The Persistence of Presence: Emblem and Ritual in Baroque Spain

The Persistence of Presence: Emblem and Ritual in Baroque Spain

by Bradley J. Nelson
     
 

The Persistence of Presence analyzes the relationship between emblem books, containing combinations of pictures and texts, and Spanish literature in the early modern period. As representations of ideas and ideals, emblems are allegories produced in a particular place and time, and their study can shed light on the central cultural and political activities

Overview

The Persistence of Presence analyzes the relationship between emblem books, containing combinations of pictures and texts, and Spanish literature in the early modern period. As representations of ideas and ideals, emblems are allegories produced in a particular place and time, and their study can shed light on the central cultural and political activities of an era.

Bradley J. Nelson argues that the emblem was a primary indicator of the social and political functions of diverse literary practices in early modern Spain, from theatre to epic prose. Furthermore, the disintegration of a unified medieval world view left many seeking the kinds of deep knowledge that could be accessed through symbolic pictures, increasing their cultural significance. In this detailed examination of emblem books, sacred and secular theatre, and Cervantes' critique of baroque allegory in Los trabajos de Persiles y Sigismunda, Nelson connects the early history of emblematics with the drive towards cultural and political hegemony in Counter-Reformation Spain.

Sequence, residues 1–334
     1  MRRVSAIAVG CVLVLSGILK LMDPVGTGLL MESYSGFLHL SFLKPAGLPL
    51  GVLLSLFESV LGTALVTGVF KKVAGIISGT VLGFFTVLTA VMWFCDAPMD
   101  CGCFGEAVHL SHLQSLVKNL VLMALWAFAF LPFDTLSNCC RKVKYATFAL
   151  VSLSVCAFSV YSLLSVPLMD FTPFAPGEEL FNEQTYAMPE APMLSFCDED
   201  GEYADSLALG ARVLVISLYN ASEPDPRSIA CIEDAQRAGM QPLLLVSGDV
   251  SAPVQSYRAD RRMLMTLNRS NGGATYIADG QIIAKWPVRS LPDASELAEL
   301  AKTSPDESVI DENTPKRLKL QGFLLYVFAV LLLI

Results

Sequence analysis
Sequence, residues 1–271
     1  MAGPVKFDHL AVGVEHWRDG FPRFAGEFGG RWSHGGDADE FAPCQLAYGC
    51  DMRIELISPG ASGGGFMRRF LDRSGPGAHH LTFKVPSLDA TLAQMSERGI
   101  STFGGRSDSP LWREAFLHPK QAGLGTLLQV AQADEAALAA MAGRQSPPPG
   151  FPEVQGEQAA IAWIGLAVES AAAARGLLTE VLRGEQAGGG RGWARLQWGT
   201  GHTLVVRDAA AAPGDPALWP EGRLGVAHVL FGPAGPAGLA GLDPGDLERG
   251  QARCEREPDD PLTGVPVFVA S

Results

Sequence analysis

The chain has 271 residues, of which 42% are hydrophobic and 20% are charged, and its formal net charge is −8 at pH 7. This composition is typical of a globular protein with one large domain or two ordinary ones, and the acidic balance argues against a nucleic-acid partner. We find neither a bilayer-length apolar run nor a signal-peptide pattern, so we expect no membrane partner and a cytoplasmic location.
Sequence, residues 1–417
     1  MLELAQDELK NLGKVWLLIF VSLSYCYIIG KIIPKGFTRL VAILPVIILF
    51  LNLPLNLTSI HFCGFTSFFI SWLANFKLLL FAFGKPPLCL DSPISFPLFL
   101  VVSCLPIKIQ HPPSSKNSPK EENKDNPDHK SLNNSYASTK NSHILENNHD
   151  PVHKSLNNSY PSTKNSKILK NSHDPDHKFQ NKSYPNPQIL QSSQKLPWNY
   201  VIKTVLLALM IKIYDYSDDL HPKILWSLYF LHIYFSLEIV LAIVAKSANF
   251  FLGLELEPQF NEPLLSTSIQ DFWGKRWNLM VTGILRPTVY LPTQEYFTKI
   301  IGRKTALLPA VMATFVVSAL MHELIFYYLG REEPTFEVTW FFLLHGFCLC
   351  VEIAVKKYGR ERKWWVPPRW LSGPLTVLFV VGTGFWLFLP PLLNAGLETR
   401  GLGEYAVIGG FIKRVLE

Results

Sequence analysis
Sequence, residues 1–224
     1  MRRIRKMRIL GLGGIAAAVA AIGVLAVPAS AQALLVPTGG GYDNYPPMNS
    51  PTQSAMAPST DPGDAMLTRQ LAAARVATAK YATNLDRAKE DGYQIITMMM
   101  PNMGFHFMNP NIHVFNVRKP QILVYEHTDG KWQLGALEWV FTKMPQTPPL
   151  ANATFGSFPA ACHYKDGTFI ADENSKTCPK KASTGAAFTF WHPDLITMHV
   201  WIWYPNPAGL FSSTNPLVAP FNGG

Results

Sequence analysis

Product Details

ISBN-13:
9780802099778
Publisher:
University of Toronto Press, Scholarly Publishing Division
Publication date:
08/21/2010
Series:
University of Toronto Romance Series
Edition description:
New Edition
Pages:
272
Product dimensions:
6.30(w) x 9.28(h) x 1.15(d)

What People are saying about this

John Beusterien
'The Persistence of Presence is a timely study of the relationship between emblematic practice and Spanish literature of the early modern period. Moving beyond traditional approaches to the subject, Bradley J. Nelson analyzes the subconscious foundation of the early modern emblem and emblematic thinking to show how central cultural activities of the period must be understood through this apparently marginal mode of representation.'

Meet the Author

Bradley J. Nelson is an associate professor and chair in the Department of Classics, Modern Languages and Linguistics at Concordia University.

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